Footnote.com has made available the first-ever interactive collection of World War II documents, including the memorial of the U.S.S. Arizona at Pearl Harbor, Hawaii. The collection is free to access through the month of December.
ProQuest and NGS will honor an outstanding librarian at the same conference by awarding the Filby Award for Genealogical Librarianship. Learn more at http://tinyurl.com/ykvrw3g.
This week's listener email includes:
Sharon reminds us that the search for immigrant ancestors must include looking at both ends of the journey. While an arrival record of someone from the U.K. in 1925 shows only a destination, the departure record in the U.K. may show the traveler's home address. U.K. migration records can be found at http://www.findmypast.com.
Tina corrects our statements in episode #189. FreeBMD.org.uk does not yet include all the civil registration index entries. In addition, civil registration in England and Wales began on 1 July 1837 and not 1838.
Steve is seeking clues about a grandfather who divorced his first wife and remarried, apparently taking the second wife's surname.
Victoria shared information about the S.S. Jeremiah O'Brien, one of only two remaining, fully functional Liberty Ships built and launched during World War II. The ship has been restored and is anchored at Fisherman's Wharf in San Francisco, open to the public. Learn more at http://www.ssjeremiahobrien.org.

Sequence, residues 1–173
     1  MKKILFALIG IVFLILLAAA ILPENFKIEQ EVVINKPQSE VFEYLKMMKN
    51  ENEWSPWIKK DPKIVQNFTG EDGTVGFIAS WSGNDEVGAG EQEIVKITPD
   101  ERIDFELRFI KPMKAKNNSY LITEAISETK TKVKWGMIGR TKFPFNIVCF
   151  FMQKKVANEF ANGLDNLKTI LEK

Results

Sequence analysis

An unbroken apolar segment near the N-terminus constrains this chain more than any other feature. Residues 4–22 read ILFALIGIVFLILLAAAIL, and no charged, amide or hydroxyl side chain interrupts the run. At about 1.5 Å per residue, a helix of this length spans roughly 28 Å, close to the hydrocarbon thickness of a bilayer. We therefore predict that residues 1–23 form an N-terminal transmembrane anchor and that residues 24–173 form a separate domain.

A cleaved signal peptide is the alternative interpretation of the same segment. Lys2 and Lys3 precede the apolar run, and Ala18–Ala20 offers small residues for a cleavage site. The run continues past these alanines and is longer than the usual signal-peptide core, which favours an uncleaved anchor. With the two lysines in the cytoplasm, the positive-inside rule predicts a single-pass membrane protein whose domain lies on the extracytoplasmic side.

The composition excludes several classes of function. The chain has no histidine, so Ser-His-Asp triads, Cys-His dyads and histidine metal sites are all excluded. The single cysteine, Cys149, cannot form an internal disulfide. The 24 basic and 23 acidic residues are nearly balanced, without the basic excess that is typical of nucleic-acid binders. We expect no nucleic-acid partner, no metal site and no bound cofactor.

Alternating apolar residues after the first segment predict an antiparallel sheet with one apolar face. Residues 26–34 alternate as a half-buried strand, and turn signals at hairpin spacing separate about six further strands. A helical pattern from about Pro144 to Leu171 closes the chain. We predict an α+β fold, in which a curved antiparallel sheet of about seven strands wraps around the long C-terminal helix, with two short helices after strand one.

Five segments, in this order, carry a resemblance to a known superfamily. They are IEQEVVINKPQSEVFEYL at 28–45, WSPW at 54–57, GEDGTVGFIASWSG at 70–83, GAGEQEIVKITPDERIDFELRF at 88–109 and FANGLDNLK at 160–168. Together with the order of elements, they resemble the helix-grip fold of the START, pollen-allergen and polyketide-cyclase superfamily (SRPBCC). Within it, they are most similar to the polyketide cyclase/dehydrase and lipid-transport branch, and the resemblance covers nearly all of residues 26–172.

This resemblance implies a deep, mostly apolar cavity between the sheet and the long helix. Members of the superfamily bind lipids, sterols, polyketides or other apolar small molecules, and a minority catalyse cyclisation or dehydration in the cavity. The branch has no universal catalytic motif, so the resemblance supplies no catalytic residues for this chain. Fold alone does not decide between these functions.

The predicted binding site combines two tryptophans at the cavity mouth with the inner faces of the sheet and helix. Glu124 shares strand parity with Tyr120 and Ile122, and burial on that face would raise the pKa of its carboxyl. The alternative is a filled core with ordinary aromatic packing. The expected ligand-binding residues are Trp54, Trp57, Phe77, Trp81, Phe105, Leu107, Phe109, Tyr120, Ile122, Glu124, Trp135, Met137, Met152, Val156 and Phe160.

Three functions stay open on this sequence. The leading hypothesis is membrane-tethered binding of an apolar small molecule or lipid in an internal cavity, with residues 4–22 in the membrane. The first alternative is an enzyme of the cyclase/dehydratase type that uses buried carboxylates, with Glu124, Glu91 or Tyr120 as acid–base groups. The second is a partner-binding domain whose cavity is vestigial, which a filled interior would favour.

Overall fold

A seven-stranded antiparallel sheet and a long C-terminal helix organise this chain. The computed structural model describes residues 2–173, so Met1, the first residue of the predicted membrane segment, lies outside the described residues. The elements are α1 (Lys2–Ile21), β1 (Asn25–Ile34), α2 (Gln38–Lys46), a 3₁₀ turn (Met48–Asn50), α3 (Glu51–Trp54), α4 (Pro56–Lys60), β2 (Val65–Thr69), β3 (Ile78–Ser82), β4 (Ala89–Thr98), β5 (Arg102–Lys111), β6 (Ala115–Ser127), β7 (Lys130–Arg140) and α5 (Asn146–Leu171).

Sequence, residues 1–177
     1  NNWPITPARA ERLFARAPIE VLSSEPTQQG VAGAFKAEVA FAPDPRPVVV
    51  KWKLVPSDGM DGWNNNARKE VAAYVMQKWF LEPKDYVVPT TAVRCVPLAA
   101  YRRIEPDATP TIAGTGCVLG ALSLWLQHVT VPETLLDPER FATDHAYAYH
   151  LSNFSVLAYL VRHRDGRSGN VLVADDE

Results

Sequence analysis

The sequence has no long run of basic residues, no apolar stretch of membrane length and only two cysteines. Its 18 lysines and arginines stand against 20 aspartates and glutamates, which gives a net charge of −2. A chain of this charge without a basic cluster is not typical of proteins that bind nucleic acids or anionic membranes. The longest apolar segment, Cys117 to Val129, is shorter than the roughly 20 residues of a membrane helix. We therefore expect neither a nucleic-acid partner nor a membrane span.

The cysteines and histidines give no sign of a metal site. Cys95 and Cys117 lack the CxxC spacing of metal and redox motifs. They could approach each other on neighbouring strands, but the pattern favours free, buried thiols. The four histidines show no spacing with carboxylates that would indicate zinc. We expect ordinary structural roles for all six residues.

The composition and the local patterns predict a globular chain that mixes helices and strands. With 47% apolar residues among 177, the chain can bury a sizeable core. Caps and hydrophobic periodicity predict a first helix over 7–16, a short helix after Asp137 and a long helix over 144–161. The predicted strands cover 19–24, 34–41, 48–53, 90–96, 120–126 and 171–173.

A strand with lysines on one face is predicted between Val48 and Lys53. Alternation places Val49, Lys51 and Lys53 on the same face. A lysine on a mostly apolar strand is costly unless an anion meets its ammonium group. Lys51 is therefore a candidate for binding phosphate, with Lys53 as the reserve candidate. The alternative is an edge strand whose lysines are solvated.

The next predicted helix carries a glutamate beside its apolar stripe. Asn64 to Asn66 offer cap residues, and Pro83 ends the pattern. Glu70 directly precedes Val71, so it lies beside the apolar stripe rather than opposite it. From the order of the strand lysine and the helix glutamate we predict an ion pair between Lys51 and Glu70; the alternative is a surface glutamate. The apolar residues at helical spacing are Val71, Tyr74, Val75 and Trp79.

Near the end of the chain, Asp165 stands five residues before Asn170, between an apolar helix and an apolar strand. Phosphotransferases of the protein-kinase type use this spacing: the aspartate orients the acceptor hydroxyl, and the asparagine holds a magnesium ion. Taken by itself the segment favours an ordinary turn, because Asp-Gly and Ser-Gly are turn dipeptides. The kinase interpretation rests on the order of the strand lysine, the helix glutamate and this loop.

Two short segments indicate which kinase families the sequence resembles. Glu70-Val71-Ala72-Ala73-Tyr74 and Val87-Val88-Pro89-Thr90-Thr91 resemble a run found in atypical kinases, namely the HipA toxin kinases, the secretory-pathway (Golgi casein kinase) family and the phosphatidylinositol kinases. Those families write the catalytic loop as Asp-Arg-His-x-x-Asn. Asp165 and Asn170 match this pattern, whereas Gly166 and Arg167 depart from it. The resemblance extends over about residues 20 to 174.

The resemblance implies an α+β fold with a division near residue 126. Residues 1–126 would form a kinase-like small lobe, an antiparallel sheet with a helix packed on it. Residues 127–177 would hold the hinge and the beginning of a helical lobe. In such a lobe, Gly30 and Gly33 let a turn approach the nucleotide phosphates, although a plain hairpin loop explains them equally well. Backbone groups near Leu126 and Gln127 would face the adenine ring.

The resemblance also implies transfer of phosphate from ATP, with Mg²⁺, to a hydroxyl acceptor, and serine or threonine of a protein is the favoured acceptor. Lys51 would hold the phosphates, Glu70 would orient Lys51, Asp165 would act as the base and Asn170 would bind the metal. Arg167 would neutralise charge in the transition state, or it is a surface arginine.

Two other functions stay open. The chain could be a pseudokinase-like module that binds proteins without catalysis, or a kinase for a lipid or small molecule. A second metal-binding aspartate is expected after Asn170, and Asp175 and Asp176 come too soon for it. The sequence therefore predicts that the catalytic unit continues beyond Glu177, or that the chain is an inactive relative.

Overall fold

Gus asks for advice about citing sources on genealogical posters he has created of his family lineage.
Nancy asks about George's book, The Official Guide to Ancestry.com, and how current the book remains.
Larry asks about using a DNA test as it applies to establishing lineages for immigrants.
Rich shares a newspaper story about the Texas state government taking blood samples of newborn infants for testing purposes, and then retaining the samples for other experiments. This has resulted in lawsuits by parents/families and concerns about privacy. See more at http://tinyurl.com/DNA4TX-Infants.
R.J. advises us of another product that allows Mac users to run Windows on their Macintosh, Linux, and OpenSolaris machines. It is called VirtualBox, manufactured by Sun Microsystems, and can be found at http://www.virtualbox.org.
Terri has purchased RootsMagic 4 and Family Tree Maker 2010. When she migrated her data from Brother's Keeper software, she lost information on all her living relatives. Drew offers a suggestion to check.
Lisa asks about genealogy software available for her iPhone 3GS.
Gus has been watching The Genealogy Guys Videocasts at http://genealogyguys.blip.tv and finds that the most recent way that George has labeled/titled the files makes the content easier to find and differentiate.